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“Growing out” of your old friends

Discussion in 'Cafe toonzone' started by BrendaBat, May 12, 2009.

  1. BrendaBat

    BrendaBat WTF!?

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    I wonder if anyone else here has had this same problem…

    As I’ve gotten older and become more independent and responsible (i.e. working, maintaining my own finances while helping my parents with theirs, moving out of my parents place, etc.), I’ve become increasingly resentful, frustrated, and even a little disgusted with one of my best friends. I’ve grown up; but she still acts like a petulant teenager. I don’t know how to deal with her and I’m posting this in the hopes that someone here can offer some helpful insight. I have a feeling that this problem is likely common with other people my age.

    My friend Anna (not her real name, BTW) is 25-years-old, has never held a job, spends most of her time on MMORPGs, and blames nearly every problem in her life on her Mother and Step-Father. She lives with them and says they’re very emotionally abusive toward her (which, from what I’ve seen of them, is probably true). For the past 5 or so years that I’ve known her, I’ve felt bad for her because she seemed to have no way to escape her bad circumstances.

    However, about two years ago she got a large inheritance from her father. She now has the financial means to get out (and she’s been saying for years that she’d do ANYTHING to get away from her Mother and Step-Father’s house), and yet she keeps making dumb excuses about why she can’t.
    For example, she bought a car and insurance months ago (in order to make it easier to get a job and leave the house when her Mother and Step-Father bothered her), but she hasn’t received her license yet because, and I’m quoting her here, “My mother insists on being the one to teach me how to drive but never finds the time to do it”. So she’s throwing money away every month insuring a car that’s just rotting in her driveway! When I suggested she just pay for behind-the-wheel instruction with a professional (like I did when my parents were too busy/lazy/scared to teach me), she said she was afraid her Mom would be mad at her and her only option was to keep throwing money down the crapper while waiting for her mom to get in a good mood and drive with her. This excuse is REALLY infuriating to me because I own a car (and it took me 3 years to save up for it!) but I can’t legally drive it right now because I don’t make enough to get insurance.

    She complains about how she can’t get health insurance because she’s had mental health problems and is obese (and claims that the obesity is due to a thyroid problem). But I’ve seen her eat large pizzas and whole liters of soda in one sitting. And she’s taking medication for the thyroid problem anyway; so she can’t blame her weight on that.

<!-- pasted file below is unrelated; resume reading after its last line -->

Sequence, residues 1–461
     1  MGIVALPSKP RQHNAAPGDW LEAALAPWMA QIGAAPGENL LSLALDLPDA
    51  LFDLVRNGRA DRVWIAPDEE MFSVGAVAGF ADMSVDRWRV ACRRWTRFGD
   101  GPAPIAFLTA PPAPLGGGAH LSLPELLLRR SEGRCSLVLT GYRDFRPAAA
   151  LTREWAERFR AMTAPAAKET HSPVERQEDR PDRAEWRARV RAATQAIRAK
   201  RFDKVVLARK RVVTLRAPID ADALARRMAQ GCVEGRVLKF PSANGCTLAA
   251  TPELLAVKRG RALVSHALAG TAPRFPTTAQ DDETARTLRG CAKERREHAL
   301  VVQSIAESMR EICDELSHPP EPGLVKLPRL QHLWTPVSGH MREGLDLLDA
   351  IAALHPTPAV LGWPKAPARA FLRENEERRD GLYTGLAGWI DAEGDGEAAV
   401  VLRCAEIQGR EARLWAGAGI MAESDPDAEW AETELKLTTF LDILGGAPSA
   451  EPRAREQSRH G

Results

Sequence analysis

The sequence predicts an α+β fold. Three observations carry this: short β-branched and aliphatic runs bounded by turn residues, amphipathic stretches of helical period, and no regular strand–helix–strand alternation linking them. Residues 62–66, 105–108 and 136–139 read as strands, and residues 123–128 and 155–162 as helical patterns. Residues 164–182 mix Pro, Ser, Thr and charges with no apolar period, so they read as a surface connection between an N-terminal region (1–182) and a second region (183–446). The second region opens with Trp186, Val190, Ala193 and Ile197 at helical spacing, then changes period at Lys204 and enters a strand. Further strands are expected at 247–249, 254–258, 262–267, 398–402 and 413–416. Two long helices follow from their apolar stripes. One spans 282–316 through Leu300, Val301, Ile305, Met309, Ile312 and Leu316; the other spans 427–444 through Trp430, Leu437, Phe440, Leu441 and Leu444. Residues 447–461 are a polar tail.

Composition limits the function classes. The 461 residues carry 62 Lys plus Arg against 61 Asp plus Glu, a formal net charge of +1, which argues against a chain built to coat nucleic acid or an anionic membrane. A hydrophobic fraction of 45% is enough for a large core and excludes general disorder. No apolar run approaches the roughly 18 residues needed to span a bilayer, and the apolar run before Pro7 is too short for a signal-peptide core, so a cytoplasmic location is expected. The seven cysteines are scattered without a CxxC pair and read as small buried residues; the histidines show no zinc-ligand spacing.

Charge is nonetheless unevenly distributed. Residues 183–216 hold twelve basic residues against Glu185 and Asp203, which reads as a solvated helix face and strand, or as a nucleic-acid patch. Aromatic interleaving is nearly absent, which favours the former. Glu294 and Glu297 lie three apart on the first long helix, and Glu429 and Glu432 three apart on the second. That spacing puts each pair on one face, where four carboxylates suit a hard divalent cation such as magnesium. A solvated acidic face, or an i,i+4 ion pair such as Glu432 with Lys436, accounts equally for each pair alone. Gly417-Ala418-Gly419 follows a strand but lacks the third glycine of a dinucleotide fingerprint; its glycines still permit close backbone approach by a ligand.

Her childish behavior frustrates me. And, at times, I even wonder if the friendship is worth it. In my opinion, once a person reaches a certain age, they need to take responsibility for their own life and stop blaming Mommy and Daddy when life sucks (no matter how much Mommy and Daddy might deserve it).

    However, despite all that, I still love Anna, I want to help her, and I don’t want to cut her out of my life completely. But my biggest fear is that I won’t be able to resist the urge to just unload on her next time we’re together. I’ve thought about giving her a “tough love” talk to urge her to grow up and take some personal responsibility for once. But she has mental health issues (she says she has a mild case of autism and has contemplated suicide before) and I’m afraid that having a major fight with her only offline friend might drive her over the edge.


    So I’m hoping someone here can relate to this problem and offer some advice and/or personal stories about it. I have a feeling that, if I don’t do something soon, she is going to just keep self-destructing. But I have no idea how to help her or how to discuss it with her without getting angry/emotional and possibly driving her to do something destructive.


     
  2. Shawn Hopkins

    Shawn Hopkins TZ Member of the Year 2013

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    Why don't you teach her to drive? That would be a start, and it would show her that as a friend you are committed to her changing her life and becoming independent.
     
  3. Marvin Tikvah

    Marvin Tikvah Active Member

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    Huh, that sounds far worse than my problems with certain friends from last year. She sounds like she's just staying in her comfort zone because no matter how much she resents her parents, she knows they'll always put up with her and give her a home.

    Really, the only thing I would do is just leave her be. If she wants things to change, she would take action by herself instead of waiting for mommy and daddy to approve. But I'm not saying it's the right thing to do, so you could probably show her how you live your life, as an incentive for her to become more independent.